We’re really excited for Nicolas Winding Refn’s next directorial project, the visceral fight film Only God Forgives. It’s an interesting, but such a strange choice after his hit Drive violently endeared its James Dean-esque coolness in the hearts of audiences around the world.
Here are twenty new images, mainly featuring each cast member, including Ryan Gosling, Kristin Scott Thomas, Vithaya Pansringarm, Tom Burke and Yayaying.
Thanks to our source, here’s a full statement from Refn, speaking on the development of the film:
The original concept for the film was to make a movie about a man who wants to fight God. That is, of course, a very vast obstacle but when I was writing the film, I was going through some very existential times in my life – we were expecting our second child and it was a difficult pregnancy – and the idea of having a character who wants to fight God without knowing why very much appealed to me.
With that as the concept, I elaborated by adding a character who believes he is God (Chang), obviously the antagonist, with the protagonist being a gangster who is looking for religion to believe in (Julian). This itself is, of course, very existential because faith is based on the need for a higher answer but most of the time, we don’t know what the question is. When the answer comes, then, we must backtrack our lives in order to find the question. In this way, the film is conceived as an answer, with the question revealed at the end.
With hindsight, I am able to see the similarities between Chang and One Eye in Valhalla Rising, and Driver in Drive – all are rooted in fairytale mythology and have difficulties living in the everyday world. I can see that technically, there is a resemblance in their stoic behavior, silence, and fetishistic portraits even though they live in different times and are portrayed by different actors. In Valhalla Rising, One Eye is enigmatic – we don’t know his past but he is defined by his name. In Drive, Driver is defined by his function. And in Only God Forgives, Chang is first of all defined by his enigmatic behaviour, to such an extent that he becomes a disembodied character, an ‘it’, defined not by his name but solely by his image.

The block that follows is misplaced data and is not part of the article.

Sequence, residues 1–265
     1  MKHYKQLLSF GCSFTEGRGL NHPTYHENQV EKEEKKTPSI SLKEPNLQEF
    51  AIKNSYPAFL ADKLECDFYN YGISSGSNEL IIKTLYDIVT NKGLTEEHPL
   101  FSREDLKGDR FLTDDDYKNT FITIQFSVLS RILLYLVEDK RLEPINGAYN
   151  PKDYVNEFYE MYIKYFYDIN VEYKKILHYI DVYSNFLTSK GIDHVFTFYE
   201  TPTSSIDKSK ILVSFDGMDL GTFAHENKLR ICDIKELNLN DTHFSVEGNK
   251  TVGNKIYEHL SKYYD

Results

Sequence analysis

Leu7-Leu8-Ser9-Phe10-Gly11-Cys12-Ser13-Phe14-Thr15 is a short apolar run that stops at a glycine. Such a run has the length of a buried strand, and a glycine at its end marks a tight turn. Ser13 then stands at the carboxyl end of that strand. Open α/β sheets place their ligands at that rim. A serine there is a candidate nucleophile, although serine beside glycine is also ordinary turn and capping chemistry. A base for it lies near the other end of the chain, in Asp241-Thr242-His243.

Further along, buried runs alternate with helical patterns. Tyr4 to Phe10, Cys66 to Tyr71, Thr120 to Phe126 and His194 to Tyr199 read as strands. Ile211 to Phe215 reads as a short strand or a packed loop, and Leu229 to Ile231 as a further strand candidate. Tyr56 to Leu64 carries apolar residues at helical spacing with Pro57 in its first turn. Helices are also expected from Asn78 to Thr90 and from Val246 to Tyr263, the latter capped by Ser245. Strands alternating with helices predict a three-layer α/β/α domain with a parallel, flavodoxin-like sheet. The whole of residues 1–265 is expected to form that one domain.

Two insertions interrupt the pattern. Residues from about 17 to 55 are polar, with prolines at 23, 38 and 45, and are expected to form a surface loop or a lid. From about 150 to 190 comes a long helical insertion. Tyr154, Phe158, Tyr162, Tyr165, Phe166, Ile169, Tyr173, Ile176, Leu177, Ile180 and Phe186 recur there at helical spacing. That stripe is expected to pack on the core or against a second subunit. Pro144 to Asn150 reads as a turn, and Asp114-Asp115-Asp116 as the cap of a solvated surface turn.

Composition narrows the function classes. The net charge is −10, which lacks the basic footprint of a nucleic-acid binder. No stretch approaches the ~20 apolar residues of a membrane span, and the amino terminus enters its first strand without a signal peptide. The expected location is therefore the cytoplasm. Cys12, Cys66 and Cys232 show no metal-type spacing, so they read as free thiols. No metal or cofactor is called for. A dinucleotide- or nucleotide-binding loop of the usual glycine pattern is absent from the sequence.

In a way, Only God Forgives is like an accumulation of all the films I’ve made so far. I think I was heading toward a creative collision, full speed ahead, in order to change everything around me and to see what would come after. I have always said that I set out to make films about women but I end up making films about violent men. Now that everything is colliding, it may end up turning things upside-down for me. This collision is exciting because everything around me becomes so uncertain and we must not forget that the second enemy of creativity, after having ‘good taste’, is being safe.
Bangkok. Julian (Ryan Gosling) runs a Thai boxing club as a front for a drugs operation. He has everything he wants for and is respected in the criminal underworld though, deep inside, he feels empty.
When Julian’s brother murders a prostitute the police call on retired cop Chang – the Angel of Vengeance (Vithaya Pansringarm). Chang allows the father to kill his daughter’s murderer, then ‘restores order’ by chopping off the man’s right hand. Julian’s mother Jenna (Kristin Scott Thomas) – the head of a powerful criminal organization – arrives in Bangkok to collect her son’s body. She dispatches Julian to find his killers and ‘raise hell’.
Increasingly obsessed with the Angel of Vengeance, Julian challenges him to a boxing match, hoping that by defeating him he might find spiritual release… but Chang triumphs. A furious Jenna plots revenge and the stage is set for a bloody journey through betrayal and vengeance towards a final confrontation and the possibility of redemption.
Source: Flicks and Bits